What is Cognitive Science
A Non-Doxasticist, One-Factor Model of Delusions
Thursday, October 11, 2012, 12:00pm - 07:00pm
Rutgers University, Department of Philosophy
Pathological delusions, such as the Capgras delusion, the Cotard delusion, and the florid delusions that accompany schizophrenia, have a number of features that are curiously difficult to explain. Delusions are resistant to counterevidence and impervious to counterargument. They are theoretically, affectively, and behaviorally circumscribed; delusional individuals tend not to act on their delusions or draw appropriate inferences from the content of their delusions. Delusional individuals are occasionally able to distinguish their delusions from other beliefs, sometimes speaking of their "delusional reality." I offer a cognitive model that explains these features. Delusions are pathological acceptances that are caused by powerful and anomalous cognitive feelings.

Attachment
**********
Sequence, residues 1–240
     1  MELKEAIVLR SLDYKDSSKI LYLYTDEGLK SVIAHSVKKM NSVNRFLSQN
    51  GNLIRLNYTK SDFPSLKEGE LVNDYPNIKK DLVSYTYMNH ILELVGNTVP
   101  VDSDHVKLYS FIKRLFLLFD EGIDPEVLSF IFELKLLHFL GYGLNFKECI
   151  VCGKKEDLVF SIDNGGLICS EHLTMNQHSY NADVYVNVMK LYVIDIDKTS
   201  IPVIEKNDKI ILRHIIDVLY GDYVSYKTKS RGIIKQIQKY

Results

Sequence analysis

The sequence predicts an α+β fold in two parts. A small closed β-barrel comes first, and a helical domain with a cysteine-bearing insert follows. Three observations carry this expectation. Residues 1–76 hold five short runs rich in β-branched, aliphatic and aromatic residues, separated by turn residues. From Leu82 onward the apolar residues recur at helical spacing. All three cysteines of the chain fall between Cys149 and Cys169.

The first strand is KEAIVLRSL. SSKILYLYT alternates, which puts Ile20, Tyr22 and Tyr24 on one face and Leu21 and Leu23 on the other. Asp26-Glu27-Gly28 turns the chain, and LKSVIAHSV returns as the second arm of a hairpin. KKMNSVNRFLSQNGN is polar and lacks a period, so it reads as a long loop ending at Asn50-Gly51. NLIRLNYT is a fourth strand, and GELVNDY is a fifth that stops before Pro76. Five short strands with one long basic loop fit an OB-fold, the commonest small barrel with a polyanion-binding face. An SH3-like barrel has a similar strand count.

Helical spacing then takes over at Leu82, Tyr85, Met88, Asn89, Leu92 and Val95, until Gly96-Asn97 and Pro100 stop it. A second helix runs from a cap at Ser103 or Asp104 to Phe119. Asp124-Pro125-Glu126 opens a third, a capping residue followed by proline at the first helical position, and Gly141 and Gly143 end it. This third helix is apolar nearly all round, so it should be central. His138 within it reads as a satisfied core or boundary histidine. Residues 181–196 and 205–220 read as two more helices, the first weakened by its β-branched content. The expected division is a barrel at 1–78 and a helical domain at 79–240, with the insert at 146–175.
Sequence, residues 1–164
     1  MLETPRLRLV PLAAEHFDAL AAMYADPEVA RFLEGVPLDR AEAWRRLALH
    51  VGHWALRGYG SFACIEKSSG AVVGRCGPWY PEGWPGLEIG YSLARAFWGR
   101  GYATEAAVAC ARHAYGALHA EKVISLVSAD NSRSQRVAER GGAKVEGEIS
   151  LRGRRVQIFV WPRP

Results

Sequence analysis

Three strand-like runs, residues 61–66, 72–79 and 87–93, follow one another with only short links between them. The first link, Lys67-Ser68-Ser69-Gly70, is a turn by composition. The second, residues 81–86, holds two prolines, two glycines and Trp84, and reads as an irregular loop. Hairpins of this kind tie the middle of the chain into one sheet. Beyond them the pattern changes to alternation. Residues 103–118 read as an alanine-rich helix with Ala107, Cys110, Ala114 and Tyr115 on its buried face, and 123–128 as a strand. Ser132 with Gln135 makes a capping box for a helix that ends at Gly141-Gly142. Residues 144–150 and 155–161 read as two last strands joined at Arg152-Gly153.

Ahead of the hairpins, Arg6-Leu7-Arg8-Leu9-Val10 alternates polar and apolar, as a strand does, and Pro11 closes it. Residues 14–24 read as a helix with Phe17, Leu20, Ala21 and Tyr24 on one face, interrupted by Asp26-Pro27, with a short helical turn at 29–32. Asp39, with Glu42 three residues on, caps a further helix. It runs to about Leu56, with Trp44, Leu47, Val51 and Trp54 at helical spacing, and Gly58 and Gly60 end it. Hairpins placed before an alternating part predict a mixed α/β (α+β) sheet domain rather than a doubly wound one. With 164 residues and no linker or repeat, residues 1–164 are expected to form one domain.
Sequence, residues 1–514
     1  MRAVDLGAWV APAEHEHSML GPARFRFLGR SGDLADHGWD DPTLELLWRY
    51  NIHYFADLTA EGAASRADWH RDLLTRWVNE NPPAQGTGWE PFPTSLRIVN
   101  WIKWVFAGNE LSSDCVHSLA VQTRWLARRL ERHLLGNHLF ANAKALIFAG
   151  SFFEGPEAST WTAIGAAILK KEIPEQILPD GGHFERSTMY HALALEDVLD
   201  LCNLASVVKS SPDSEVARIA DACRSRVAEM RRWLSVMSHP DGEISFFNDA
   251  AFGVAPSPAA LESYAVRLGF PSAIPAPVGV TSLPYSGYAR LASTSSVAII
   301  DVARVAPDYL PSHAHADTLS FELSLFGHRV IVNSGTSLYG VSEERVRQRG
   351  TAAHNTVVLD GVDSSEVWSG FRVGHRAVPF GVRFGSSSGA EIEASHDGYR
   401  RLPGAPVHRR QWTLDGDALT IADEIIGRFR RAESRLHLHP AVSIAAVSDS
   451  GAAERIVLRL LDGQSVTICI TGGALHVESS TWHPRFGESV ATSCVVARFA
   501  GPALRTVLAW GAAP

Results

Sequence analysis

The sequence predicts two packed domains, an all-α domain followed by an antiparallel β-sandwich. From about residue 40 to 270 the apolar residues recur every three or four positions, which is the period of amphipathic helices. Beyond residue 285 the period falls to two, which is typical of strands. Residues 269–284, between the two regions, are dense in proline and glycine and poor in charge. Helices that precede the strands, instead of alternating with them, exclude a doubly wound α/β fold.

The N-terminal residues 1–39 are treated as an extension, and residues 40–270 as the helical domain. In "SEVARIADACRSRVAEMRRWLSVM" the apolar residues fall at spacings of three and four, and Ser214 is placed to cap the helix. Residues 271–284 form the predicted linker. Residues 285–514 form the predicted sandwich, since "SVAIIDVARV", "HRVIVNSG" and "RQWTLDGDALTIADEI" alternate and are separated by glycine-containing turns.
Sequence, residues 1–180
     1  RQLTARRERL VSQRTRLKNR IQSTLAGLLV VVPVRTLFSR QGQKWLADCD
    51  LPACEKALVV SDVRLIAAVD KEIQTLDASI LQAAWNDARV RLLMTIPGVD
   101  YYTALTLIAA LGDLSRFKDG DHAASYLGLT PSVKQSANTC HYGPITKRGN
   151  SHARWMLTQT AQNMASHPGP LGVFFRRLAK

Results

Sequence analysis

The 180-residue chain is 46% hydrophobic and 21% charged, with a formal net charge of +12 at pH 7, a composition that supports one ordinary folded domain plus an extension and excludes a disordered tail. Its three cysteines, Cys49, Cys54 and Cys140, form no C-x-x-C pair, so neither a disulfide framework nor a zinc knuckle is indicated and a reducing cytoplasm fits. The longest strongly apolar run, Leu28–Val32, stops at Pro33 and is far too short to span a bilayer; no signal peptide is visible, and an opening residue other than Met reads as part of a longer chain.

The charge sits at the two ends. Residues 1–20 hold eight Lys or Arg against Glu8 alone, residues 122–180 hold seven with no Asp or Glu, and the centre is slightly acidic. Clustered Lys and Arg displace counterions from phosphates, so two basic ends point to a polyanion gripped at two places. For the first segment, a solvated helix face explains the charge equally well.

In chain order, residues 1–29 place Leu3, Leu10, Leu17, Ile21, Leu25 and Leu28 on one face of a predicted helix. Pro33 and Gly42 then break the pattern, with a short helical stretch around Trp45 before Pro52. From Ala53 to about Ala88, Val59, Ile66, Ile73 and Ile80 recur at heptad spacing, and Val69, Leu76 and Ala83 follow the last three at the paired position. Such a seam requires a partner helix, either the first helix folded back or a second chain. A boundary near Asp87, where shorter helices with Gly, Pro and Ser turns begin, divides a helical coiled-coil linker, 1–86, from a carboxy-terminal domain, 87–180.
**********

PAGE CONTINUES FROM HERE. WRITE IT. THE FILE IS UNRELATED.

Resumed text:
"What is Cognitive Science?"
This lunchtime talks series is designed to introduce the University community to issues in Cognitive Science. Cognitive Science is one the the few fields where modern developments in computer science and artificial intelligence promise to shed light on classical problems in psychology and the philosophy of the mind. Ancient questions of how we see the world, understand language, and reason, and questions such as 'how a material system can know about the outside world', are being explored with the powerful new conceptual prosthetics of computer modeling.
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